Review: Firewatch

Editor’s Note, Nov. 15, 2018: The following review is posted for archival purposes only. It is shown in its original form, and may not meet our current editorial standards. Some supplemental images or video cannot be displayed and are not included.


  • Interesting Plot
  • Gorgeous world building & art style


  • Unstable frame rate on PS4

Firewatch’s suspenseful and mysterious narrative more than makes up for it’s lack of actual gameplay.

Firewatch is a first-person adventure game set in the mountainous wilderness of Wyoming. You play as Henry, who, after going through some life changing experiences, decides to take a break from the city life and get a summer job as a firewatch. At his new job he meets his boss / fellow firewatch Delilah (or D for short) over the radio that he carries while hiking the terrain. In order to not spoil the whole story, I’ll just say that after they meet over the radio, some very strange things begin to happen, and the rest of the game involves unraveling a mystery in the forest.

Firewatch is not a long game, it can be played in about 5 hours. I’ve seen people on the Internet heavily criticizing the game for “being too short” or for “not having enough stuff to do,” but what they don’t understand is that that’s not the point of Firewatch. It’s not an action game or survival game, it’s an adventure game. It’s meant to tell a story about the characters within it and, in my opinion, it excels at doing this. It’s more of an interactive story than a video game, and that’s just fine with me.

Like I said above, the game’s plot focuses on a series of unusual events that happen while Henry is working in the wilderness that surrounds his watch tower. He and Delilah begin to investigate the strange happenings, and uncover a whole lot of stuff they were never meant to see (again, sorry for being vague here, but I don’t want to spoil anything). The game’s creepy atmosphere really adds a lot to it’s mysterious plot; the world is beautiful and serene, but you can’t help but feel like you’re being watched from the bushes as you explore. It felt like, at any moment, something was going to jump out and get me. A lot of the game felt like an 80s horror film to me. The story hooked me in right away, and it kept me right up to the end; I loved every minute of it.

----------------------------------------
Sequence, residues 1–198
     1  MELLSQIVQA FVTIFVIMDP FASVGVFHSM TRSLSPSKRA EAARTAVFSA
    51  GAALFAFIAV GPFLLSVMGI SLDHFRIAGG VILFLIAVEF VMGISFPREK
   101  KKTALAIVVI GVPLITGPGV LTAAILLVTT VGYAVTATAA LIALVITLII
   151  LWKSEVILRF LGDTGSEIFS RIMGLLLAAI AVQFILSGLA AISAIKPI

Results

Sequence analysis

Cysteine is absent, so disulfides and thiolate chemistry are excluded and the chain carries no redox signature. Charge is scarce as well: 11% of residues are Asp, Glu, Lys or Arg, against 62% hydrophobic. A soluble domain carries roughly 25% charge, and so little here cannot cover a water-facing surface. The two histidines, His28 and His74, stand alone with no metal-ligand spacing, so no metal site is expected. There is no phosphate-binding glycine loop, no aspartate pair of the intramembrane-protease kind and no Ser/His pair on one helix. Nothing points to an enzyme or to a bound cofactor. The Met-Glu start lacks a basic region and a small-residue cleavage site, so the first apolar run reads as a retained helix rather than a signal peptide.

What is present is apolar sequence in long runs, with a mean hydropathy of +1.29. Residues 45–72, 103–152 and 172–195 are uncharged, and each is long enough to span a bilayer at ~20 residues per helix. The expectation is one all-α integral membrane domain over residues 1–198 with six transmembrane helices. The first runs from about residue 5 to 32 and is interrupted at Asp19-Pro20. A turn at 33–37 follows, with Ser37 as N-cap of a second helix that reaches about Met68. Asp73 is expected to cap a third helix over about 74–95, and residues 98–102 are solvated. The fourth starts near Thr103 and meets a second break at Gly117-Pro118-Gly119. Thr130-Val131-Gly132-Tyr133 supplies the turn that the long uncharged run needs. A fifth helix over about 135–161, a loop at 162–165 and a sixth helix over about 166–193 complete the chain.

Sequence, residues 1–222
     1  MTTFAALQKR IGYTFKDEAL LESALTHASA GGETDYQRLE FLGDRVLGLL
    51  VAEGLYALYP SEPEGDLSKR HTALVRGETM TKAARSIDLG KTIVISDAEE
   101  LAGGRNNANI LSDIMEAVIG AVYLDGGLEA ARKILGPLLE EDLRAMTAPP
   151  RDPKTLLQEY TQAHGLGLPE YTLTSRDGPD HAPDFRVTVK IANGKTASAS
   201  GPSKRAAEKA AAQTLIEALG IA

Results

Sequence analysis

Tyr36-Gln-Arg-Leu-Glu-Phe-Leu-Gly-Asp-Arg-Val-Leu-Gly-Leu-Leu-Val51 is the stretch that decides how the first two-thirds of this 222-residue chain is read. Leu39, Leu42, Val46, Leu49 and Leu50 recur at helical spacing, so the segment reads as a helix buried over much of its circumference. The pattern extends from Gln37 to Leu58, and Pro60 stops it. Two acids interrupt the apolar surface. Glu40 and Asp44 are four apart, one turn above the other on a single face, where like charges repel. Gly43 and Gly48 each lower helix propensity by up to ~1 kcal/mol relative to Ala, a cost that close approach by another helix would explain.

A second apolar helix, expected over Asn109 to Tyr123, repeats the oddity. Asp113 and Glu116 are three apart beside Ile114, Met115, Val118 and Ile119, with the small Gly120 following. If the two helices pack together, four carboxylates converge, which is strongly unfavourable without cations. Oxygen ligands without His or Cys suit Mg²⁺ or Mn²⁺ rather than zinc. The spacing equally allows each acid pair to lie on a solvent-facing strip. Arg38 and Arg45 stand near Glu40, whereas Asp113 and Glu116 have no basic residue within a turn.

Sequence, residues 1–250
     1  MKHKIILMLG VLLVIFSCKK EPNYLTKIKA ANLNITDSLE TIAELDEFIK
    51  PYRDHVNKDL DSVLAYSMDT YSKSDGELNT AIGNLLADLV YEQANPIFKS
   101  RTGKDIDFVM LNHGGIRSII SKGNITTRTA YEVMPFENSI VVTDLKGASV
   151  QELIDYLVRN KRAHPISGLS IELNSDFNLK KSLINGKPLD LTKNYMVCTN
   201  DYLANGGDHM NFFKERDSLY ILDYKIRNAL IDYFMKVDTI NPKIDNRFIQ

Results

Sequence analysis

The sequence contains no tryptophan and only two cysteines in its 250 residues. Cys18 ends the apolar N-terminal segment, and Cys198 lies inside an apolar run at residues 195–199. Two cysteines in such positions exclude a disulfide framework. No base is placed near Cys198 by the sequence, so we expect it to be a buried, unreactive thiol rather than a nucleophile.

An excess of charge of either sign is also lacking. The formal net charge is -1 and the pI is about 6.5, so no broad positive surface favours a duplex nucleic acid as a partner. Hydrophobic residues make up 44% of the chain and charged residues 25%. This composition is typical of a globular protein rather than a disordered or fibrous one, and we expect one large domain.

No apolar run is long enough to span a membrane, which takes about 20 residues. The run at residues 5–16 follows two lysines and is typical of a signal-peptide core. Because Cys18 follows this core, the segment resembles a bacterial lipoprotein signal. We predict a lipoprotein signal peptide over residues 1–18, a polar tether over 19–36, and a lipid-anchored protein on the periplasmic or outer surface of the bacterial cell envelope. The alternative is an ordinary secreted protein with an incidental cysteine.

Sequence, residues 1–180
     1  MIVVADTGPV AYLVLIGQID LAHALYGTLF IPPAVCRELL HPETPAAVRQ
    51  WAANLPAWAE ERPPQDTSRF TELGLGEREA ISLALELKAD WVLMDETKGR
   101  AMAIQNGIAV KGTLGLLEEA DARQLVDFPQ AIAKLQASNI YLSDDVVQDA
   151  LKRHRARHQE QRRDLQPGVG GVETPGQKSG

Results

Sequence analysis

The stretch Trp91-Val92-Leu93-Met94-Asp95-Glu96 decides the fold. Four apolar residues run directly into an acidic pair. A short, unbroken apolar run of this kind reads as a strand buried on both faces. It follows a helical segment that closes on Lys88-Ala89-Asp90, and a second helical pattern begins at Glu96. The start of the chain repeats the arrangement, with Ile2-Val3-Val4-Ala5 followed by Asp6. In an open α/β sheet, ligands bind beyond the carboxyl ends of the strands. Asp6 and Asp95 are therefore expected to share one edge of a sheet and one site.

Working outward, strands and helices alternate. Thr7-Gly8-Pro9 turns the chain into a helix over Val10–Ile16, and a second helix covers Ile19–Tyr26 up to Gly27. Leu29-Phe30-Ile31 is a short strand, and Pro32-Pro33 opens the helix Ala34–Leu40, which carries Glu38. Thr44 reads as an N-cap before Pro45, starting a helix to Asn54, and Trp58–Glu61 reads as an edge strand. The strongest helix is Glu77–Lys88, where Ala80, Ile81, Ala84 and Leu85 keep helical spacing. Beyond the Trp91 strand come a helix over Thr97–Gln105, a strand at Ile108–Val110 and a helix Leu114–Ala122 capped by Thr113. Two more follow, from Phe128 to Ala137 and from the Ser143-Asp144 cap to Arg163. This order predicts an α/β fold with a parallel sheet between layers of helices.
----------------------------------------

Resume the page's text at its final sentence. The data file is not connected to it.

The game’s world is just as mesmerizing as it’s plot. Campo Santo did an amazing job creating a beautiful world for Firewatch. The art style was gorgeous, incorporating realistic shadows and physics while also keeping a colorful, cartoon-ish feel. But while the world was gorgeous, the game did struggle at times to keep a stable framerate on the PS4, hitting lows of around 20 frames per second. This is unacceptable considering the game’s small size and simple art style, and can most likely be blamed on the game’s engine, Unity.

Gameplay wise, the game has little to offer, but in this case I don’t think that’s a negative attribute as the plot makes up for it. Most of what the player does involves running to and from places, completing small tasks for Delilah, with the story unfolding in between or during these assignments. While it may sound tedious or boring, I was much too distracted by the intriguing mystery unfolding before me, or taking in the gorgeous game world to really notice. Other than walking and climbing, there are a few supply caches scattered around the map; they’re usually full of useless crap, but they also have a few letters you can read and maps that you can use to update your own map. These supply caches are pretty much the only thing that resemble an active objective for the player. As I’ve said before, the game is more of an interactive story, and less of an actual video game.

Overall, I really enjoyed my time with Firewatch. While it may not offer a true gamer’s experience, what it does offer is great storytelling and a great atmosphere. Firewatch is the video game equivalent of a “page-turner;” it was hard to put down my controller.


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